Training (Lucys) Wall

Training (Lucys) Wall
Training (Lucys) Wall
Training (Lucys) Wall
Training (Lucys) Wall
Training (Lucys) Wall
Ceratosoma amoenum (Sweet Ceratosoma) - Training (Lucys) Wall
Kaloplocamus ramosus (Ramosus's Kaloplocamus) - Training (Lucys) Wall
Goniodoridella savignyi (Savigny's Goniodoridella) - Training (Lucys) Wall
Glossodoris atromarginata (Black Margined Glossodoris) - Training (Lucys) Wall
Vanacampus margaritifer (Mother of Pearl Pipefish) - Training (Lucys) Wall
Hydatina physis (Rose Petal Bubble) - Training (Lucys) Wall
Dolabella auricularia (Short Headed Sea Hare) - Training (Lucys) Wall
Nassarius particeps (Reticulate Dog Whelk) - Training (Lucys) Wall
Enneapterygius annulatus (Ring-scale Threefin) - Training (Lucys) Wall
DIOGENIDAE (Diogenid hermit crabs) - Training (Lucys) Wall

The Training Wall, also known as Lucys Wall by Swansea locals I believe, is a surprisingly good little critter dive for such a shallow site. It only gets to about 5m and for much of the length of the wall is it more like 3m. It is a good, safe night dive but its real attraction is that it a site that is dive-able in almost all conditions. The only thing that would stop you diving this site is a very heavy (3m+) easterly swell. To find the site, head towards Swansea Heads until you come across the large park. The site is on the westerly side of the park.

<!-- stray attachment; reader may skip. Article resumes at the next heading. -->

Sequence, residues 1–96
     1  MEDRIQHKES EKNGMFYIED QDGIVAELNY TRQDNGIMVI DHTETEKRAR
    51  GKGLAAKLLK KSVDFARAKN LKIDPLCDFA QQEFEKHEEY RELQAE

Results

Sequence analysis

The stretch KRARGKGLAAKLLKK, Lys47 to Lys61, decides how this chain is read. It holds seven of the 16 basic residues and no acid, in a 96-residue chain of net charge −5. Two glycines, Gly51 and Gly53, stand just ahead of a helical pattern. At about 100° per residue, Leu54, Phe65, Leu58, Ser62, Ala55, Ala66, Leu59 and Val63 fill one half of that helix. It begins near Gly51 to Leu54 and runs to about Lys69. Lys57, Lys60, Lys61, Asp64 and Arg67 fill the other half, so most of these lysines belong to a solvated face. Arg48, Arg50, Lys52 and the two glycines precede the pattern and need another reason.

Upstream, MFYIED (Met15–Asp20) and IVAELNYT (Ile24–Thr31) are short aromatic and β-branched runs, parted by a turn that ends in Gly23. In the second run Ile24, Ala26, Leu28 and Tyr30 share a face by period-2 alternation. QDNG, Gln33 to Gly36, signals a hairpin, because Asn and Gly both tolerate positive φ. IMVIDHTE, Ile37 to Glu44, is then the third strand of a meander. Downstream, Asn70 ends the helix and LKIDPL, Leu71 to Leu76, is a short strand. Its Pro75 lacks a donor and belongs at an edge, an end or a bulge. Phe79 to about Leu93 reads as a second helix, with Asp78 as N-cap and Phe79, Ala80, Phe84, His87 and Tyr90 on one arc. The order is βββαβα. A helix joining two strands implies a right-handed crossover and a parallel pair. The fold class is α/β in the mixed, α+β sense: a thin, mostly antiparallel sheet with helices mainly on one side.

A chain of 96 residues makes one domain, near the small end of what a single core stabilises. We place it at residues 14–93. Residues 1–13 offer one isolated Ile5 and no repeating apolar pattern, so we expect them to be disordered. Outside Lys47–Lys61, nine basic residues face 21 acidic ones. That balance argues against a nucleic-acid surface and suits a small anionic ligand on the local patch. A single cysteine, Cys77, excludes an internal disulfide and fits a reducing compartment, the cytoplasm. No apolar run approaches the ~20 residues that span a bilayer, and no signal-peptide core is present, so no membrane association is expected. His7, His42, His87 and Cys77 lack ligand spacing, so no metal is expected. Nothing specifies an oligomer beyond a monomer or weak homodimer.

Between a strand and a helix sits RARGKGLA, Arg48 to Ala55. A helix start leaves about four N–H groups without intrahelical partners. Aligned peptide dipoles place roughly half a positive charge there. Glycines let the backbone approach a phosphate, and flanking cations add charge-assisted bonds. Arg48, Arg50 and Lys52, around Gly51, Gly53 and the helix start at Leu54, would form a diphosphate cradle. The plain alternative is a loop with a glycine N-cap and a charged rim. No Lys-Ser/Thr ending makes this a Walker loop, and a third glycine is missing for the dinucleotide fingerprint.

The site is a good option as a first dive before doing Swansea Bridge on slack water at high tide. Whilst this dive is not tide dependent, my preference is to do it as the tide is running in to get the best Vis conditions. To dive the site, I enter the water at the boat ramp adjacent to the wall and start my dive from around the end of the pier next to the ramp. You could equally climb over the rocks right at the wall or giant stride off the pier (be careful as it is a little shallow).

Navigation couldn't really be easier, you just follow the western side of the rock wall out, checking out the reef structure and extensive sea grass beds for critters as you go. At the end of the wall you will find large schools of fish including Luderick (Girella tricuspidata) and Silver Bream (Acanthopagrus australis). Provided a swell is not running you can then make your way down the easterly side of the wall until you want to head back. I prefer to head back the way I came but if it is calm and scrambling over rocks to get out is your bag then this is an option as well.

The Training Wall site is clearly a nursery for fish. You will find many juvenile fish amongst the structure and in the sea grass beds. The site is also rich with critter life including nudibranchs which given the depth is quite remarkable. I consider this site a little like Terrigal Haven in that I would not be surprised by any critter that turned up here.